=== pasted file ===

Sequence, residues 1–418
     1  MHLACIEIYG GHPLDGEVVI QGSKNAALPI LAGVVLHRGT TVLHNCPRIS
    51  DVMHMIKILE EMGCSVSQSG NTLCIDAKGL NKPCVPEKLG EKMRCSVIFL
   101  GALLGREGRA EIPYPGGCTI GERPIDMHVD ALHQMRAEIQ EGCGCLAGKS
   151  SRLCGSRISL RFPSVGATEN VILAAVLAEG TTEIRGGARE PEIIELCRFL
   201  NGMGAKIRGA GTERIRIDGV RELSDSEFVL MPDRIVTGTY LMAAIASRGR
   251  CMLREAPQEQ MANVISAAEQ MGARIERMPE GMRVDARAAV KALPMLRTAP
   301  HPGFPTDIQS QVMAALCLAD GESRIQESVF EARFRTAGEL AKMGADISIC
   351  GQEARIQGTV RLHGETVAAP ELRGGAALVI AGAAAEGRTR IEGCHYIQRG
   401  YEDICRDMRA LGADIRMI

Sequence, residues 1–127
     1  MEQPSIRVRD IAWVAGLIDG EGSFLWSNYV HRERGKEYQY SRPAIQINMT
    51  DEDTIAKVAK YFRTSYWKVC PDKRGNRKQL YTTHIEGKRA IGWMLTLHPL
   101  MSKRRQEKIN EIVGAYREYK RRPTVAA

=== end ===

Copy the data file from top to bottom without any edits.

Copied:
Sequence, residues 1–418
     1  MHLACIEIYG GHPLDGEVVI QGSKNAALPI LAGVVLHRGT TVLHNCPRIS
    51  DVMHMIKILE EMGCSVSQSG NTLCIDAKGL NKPCVPEKLG EKMRCSVIFL
   101  GALLGREGRA EIPYPGGCTI GERPIDMHVD ALHQMRAEIQ EGCGCLAGKS
   151  SRLCGSRISL RFPSVGATEN VILAAVLAEG TTEIRGGARE PEIIELCRFL
   201  NGMGAKIRGA GTERIRIDGV RELSDSEFVL MPDRIVTGTY LMAAIASRGR
   251  CMLREAPQEQ MANVISAAEQ MGARIERMPE GMRVDARAAV KALPMLRTAP
   301  HPGFPTDIQS QVMAALCLAD GESRIQESVF EARFRTAGEL AKMGADISIC
   351  GQEARIQGTV RLHGETVAAP ELRGGAALVI AGAAAEGRTR IEGCHYIQRG
   401  YEDICRDMRA LGADIRMI

Sequence, residues 1–127
     1  MEQPSIRVRD IAWVAGLIDG EGSFLWSNYV HRERGKEYQY SRPAIQINMT
    51  DEDTIAKVAK YFRTSYWKVC PDKRGNRKQL YTTHIEGKRA IGWMLTLHPL
   101  MSKRRQEKIN EIVGAYREYK RRPTVAA